Turner’s appeals failed. Brown, sentenced to 72 years, was sticking to his story. But even if his change of heart had come earlier, Virginia had a strict rule that required newly discovered evidence of innocence to be presented within three weeks of sentencing.
    After advances in DNA testing showed some inmates were serving time for crimes they didn’t commit, the General Assembly in 2002 created an exception to the 21-day rule for newly discovered biological evidence. No such evidence existed in Turner’s case.
    A year later, Brown took full responsibility for the crime, saying he had become a Christian.
    ‘‘We were sitting there talking and the next thing you know I reached up and choked Jennifer,’’ Brown said in a sworn affidavit. ‘‘I did this on my own without any prior discussion with Dustin Turner. He did not encourage me in any way and in fact, I remember one instance while I was choking Jennifer, Dustin trying to pull my hands away.’’
    Even then, there was no judicial recourse because the 21-day rule still applied to non-DNA evidence. Turner’s only avenue was to ask then-Gov. Mark R. Warner for clemency.
    Meanwhile, legislators began considering eliminating the three-week deadline for all newly discovered evidence.
    Turner, realizing the legislation could give him an opportunity to use Brown’s confession in court, kept tabs from prison while the debate unfolded. His mother, Linda Summitt, lobbied for the bill.
    After the law passed, Warner denied the clemency petition and ‘‘we were off and running,’’ Turner said.
    He was not alone. Other inmates’ petitions were rejected, including some similar to his own, because they were based on recanted testimony. But his attorney, David Hargett, is confident Brown’s confession meets the tough standard set by lawmakers.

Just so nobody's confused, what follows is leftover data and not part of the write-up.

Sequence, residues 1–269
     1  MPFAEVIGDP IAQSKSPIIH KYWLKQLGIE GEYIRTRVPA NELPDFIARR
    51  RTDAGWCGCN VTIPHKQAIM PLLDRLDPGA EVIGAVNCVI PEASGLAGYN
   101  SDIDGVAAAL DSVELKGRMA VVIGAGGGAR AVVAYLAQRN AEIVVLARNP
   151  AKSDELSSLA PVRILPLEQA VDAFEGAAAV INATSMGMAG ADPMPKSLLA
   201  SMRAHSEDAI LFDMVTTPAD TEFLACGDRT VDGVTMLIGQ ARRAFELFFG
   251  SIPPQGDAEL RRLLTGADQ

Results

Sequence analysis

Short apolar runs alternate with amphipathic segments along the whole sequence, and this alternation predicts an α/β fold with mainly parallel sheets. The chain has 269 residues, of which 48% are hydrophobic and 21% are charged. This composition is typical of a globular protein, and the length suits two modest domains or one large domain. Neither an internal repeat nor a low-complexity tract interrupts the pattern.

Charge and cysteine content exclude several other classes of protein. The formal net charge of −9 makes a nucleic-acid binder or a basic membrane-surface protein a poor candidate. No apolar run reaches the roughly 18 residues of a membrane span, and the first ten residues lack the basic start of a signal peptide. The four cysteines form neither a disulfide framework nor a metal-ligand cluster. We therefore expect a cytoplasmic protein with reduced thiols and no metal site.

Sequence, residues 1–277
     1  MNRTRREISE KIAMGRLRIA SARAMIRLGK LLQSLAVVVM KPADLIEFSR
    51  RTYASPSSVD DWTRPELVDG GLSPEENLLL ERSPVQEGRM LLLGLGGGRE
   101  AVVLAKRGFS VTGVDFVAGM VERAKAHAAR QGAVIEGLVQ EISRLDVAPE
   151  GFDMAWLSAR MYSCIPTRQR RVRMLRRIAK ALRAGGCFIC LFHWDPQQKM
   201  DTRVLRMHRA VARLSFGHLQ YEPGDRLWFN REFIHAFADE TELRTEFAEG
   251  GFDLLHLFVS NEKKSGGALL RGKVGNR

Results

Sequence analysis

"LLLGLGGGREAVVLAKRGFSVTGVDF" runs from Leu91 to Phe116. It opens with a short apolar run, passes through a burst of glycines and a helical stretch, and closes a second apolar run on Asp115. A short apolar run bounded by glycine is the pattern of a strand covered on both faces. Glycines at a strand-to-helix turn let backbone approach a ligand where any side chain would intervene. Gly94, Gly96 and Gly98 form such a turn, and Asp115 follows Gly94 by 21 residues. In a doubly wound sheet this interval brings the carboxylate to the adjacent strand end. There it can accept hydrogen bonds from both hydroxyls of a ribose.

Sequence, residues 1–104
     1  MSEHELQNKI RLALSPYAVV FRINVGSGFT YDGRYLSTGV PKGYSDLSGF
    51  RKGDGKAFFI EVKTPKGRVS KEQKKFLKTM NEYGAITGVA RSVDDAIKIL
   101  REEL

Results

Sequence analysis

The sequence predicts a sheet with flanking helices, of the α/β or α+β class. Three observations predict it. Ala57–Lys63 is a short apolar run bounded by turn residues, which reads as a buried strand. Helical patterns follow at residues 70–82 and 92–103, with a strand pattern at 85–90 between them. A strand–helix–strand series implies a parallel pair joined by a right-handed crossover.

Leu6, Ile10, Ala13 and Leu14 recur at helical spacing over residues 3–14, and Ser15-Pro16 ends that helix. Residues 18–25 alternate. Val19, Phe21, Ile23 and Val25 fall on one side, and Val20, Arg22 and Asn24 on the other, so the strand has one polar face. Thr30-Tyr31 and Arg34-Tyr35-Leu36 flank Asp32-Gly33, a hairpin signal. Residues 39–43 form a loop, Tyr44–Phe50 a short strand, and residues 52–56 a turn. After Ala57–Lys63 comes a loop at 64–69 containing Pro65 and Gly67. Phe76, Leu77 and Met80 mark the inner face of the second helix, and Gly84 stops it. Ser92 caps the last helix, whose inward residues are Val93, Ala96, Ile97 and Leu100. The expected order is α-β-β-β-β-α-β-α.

‘‘We’re always concerned about what the other side has to say against us,’’ Hargett said. ‘‘But if you present credible testimony of the actual murderer, it’s hard to say someone would have found (Turner) guilty.’’
    Andrew G. Wiggin, a Chesapeake attorney who specializes in post-conviction litigation, said Turner’s prospects of success are ‘‘close to 100 percent.’’
    A spokesman for Attorney General Bob McDonnell said he had no comment on Turner’s case. Attempts to reach Evans’ family were unsuccessful.
    Turner, while taking nothing for granted, is at least confident enough to begin pondering his future outside of prison. He wants to spend as much time as possible with family and pursue a degree in Germanic studies at Indiana University.
    Would he carry any bitterness into his new life?
    ‘‘I’ve had a lot of time to handle it,’’ Turner said. ‘‘My most anger has been toward Billy Brown. He murdered an innocent young lady and sent me to prison and upset countless lives. But I’m not so angry anymore. I do still harbor some feeling toward the prosecutors, but it’s not a hatred.’’
    Brown has not asked for Turner’s forgiveness, and Turner said he’s not ready for that step anyway.
    ‘‘Perhaps when I walk out these gates it’ll be a different story,’’ he said.